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Madison Sangster More than 1 year ago
Is this the second or third book in the bofriend list seris? I read the biyfriend list but i dont know which one to read next. HELP!!!!!
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Savannah Newbern More than 1 year ago
amazing, as always. ruby oliver had me from day 1 all the way back in the boyfriend list
dholland08 More than 1 year ago
The Treasure Map of Boys was as hilarious and meticulously plotted as its predecessors, The Boyfriend List and The Boy Book. Once again Ruby Oliver's quirky, hilarious voice shone through to narrate this tale ridden with teenage angst. I don't think anyone captures the high school experience better than E. Lockhart. She is right up there with Meg Cabot and Sarah Dessen. The Treasure Map of Boys begins after winter break of Roo's junior year. The relative stability Roo established at the end of The Boy Book is soon gone when Ruby finds herself -running a bake sale when she can't bake -encouraging Nora to go after Noel when she likes Noel -dealing with Jackson and Kim having split -dealing with Jackson's sudden interest in her -with Nora's college student brother Gideon once more becoming a part of her life. This time the story centers around Roo's therapy assignment of making a treasure map of the peer relationships in her life and what she wants them to be. Roo makes it a treasure map of all the boys in her life, with surprising and hilarious results. Ruby is a character I love and who feels like a close friend. Whether she's defending animal rights, falling in love, or making good or bad choices I was rooting for her. Once again, Ruby's foot notes added a fresh commentary to the bottom of many of the pages and had me laughing out loud. That is part of Lockhart's gift: she can take serious issues of adolesence and life and make them funny. This book was a joy to read.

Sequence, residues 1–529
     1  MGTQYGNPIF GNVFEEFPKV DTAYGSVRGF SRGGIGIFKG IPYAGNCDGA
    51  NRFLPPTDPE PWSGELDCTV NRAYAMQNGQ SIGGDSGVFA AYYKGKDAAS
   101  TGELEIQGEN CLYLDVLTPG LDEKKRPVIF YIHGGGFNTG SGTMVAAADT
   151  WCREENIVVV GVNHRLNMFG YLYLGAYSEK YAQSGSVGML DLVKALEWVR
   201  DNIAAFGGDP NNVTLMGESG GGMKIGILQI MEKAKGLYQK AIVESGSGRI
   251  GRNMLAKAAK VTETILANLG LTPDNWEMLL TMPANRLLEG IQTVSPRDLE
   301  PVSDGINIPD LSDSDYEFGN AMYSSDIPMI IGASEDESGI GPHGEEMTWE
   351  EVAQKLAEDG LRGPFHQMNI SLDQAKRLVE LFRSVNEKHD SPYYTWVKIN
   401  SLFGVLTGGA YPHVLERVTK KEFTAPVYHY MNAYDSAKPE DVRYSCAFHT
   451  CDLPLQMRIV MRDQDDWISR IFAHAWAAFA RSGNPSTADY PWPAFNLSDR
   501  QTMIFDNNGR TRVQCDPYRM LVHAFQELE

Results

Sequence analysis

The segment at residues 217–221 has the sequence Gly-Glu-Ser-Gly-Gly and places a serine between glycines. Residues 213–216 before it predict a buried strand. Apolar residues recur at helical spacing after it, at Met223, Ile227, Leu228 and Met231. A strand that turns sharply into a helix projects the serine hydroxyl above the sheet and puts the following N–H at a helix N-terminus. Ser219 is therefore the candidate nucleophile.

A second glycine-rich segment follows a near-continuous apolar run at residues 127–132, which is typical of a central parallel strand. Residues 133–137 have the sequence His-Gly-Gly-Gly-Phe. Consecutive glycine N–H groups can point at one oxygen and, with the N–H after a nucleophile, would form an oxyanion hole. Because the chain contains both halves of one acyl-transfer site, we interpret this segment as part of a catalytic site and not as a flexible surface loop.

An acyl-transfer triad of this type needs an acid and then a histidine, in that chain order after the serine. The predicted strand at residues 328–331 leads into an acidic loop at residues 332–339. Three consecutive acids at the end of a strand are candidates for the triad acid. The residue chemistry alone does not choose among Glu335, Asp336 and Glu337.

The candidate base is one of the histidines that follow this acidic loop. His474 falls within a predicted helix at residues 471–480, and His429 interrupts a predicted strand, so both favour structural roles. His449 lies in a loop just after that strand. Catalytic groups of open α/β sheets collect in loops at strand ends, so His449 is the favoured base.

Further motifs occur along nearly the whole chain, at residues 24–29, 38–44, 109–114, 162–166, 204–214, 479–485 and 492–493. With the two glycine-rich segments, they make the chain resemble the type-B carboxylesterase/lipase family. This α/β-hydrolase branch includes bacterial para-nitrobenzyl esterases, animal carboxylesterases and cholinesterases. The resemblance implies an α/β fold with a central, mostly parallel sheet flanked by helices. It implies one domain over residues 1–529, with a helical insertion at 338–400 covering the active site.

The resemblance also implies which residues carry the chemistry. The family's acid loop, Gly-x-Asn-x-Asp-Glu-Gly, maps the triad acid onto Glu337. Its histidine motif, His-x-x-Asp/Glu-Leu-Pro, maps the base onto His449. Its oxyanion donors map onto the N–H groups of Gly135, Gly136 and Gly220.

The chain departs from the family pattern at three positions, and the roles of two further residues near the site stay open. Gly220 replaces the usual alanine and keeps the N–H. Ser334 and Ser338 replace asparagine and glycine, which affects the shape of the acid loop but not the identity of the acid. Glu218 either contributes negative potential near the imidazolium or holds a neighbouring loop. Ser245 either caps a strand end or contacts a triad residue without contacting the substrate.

Anonymous More than 1 year ago
so this is definitely a fun book to read. i was always looking forward to reading it and never felt like i had to force myself to read it. i love all the drama that goes on with her boyfriend(s) and her so-called friends. and her parents are pretty hilarious. i like the setting, which is washington and she lives in a boat house, which is pretty cool.